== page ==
On 17 November 2017, the IP Unit submitted to the Department of Trade and Industry (DTI) its full set of comments on the Draft Intellectual Property Policy of the Republic of South Africa, Phase I, 2017. Some of our positive initial comments were reported in the media, e.g., here (Fin24) and here (Daily Maverick). The draft policy document was released in August and key aspects of it were summarised in an earlier post. In short, the draft policy is geared towards (i) advancing a balanced and coordinated approach to IP that regulates intellectual property rights in line with the South African Constitution; (ii) introducing key policy reforms that account for the development dynamics of South Africa; (iii) promoting innovation and a knowledge economy; and (iv) leveraging competitive and comparative advantages to advance the transformation of the South African economy. To this end, the draft policy proposes a number of key reforms, including the introduction of substantive search and examination system for patents; the leveraging of flexibilities contained in the TRIPS Agreement; the protection of “utility models”; and the creation of a system for protection for traditional knowledge which will safeguard misappropriation and exploitation.
In our comments, we commend the DTI’s drafting team on creating a well-considered document. We also express our strong support for the policymaker’s intention to link this policy to broader domestic imperatives and strategies — such as the National Development Plan and its emphasis on embracing the knowledge economy — and welcome that Constitutional and Human Rights dimensions of many of the issues raised in the policy document are considered. We submit that by adopting a balanced, coordinated and development- and public interest-oriented approach the policy maker has created a policy document that is context-specific and which addresses current tensions and inequalities, including those between IP owners on the one hand and users seeking equitable access to IP-protected goods on the other.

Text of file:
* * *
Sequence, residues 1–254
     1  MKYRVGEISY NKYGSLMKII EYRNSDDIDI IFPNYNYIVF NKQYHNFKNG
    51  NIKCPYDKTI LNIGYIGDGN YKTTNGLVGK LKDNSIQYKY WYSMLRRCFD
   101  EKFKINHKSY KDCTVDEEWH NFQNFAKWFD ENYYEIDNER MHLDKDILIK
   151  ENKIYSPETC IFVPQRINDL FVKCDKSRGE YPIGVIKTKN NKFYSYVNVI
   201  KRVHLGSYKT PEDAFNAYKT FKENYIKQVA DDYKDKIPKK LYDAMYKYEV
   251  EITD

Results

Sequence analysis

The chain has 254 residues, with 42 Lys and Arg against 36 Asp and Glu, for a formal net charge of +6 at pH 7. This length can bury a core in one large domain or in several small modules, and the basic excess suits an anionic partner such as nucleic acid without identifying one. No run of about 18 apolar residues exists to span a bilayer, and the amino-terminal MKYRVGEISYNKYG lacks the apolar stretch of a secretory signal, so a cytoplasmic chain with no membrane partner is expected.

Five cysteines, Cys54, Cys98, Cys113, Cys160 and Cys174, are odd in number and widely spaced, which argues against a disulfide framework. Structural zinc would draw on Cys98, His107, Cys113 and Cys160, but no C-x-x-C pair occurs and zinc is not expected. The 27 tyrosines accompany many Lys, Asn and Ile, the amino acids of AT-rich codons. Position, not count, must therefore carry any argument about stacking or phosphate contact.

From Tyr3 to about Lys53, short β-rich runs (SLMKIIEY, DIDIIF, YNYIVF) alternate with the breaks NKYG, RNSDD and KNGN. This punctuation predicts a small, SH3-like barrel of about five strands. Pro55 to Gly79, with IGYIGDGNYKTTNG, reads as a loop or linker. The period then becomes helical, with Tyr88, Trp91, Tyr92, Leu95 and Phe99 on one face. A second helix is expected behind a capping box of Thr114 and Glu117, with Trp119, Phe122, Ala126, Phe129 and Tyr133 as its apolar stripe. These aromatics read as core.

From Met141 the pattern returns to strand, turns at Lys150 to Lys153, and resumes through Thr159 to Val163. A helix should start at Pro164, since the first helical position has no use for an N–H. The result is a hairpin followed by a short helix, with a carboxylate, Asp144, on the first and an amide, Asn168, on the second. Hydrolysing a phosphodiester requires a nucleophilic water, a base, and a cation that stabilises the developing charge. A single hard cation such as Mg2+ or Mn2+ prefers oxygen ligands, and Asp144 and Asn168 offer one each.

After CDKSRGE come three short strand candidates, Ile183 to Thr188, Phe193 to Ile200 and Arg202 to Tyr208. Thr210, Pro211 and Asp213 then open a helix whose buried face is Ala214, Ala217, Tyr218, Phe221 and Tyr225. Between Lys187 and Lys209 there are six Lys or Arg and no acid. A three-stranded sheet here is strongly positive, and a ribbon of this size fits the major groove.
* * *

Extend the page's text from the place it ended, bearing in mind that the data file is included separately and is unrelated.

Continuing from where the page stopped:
Our submission contains general and specific comments, and in our specific comments we support, among other things, the policymaker’s proposal to finally introduce a (phased) substantive search and examination system for patents in South Africa. We further submit that more needs to be done still to effectively facility adequate access to the technical and other information disclosed in return for patent protection in South Africa. In addition, we request clarifications and simplifications of the existing legal frameworks concerning parallel importation in both the Patents Act and the Medicines and Related Substances Act, and submit that South Africa can learn from recent experiences in other countries with similar interests, such as India and Kenya. Moreover, we call for a comprehensive enquiry concerning the introduction of additional exceptions to patent protection, with a view of maximising competition and innovation in South Africa. In the context of licensing, we recommend that:
- the reasons and processes for issuing compulsory licences are reviewed to make compulsory licensing a more practical and readily available tool for balancing private and public interests and mitigating excessive pricing, undersupply, abuse etc.; and
- issues such as open licensing, cross-licensing and patent-pooling are also addressed in the future.
We furthermore propose a patent grace period against novelty destroying disclosures, including publications, in South Africa, and strongly support the policymaker’s statement in the context of International IP Cooperation that South Africa must “play a leading role in this global discourse”, especially as a champion for Global South pro-development and pro-innovation concerns.
One important issue that appears to be missing in the draft policy document, however, is the issue of how open science approaches can be leveraged to achieve some of the crucial goals spelled out in the policy document. No doubt, that this will be discussed further at the upcoming SA-EU Open Science workshop in Johannesburg, hosted by the Department of Science and Technology (DST), in partnership with the European Commission.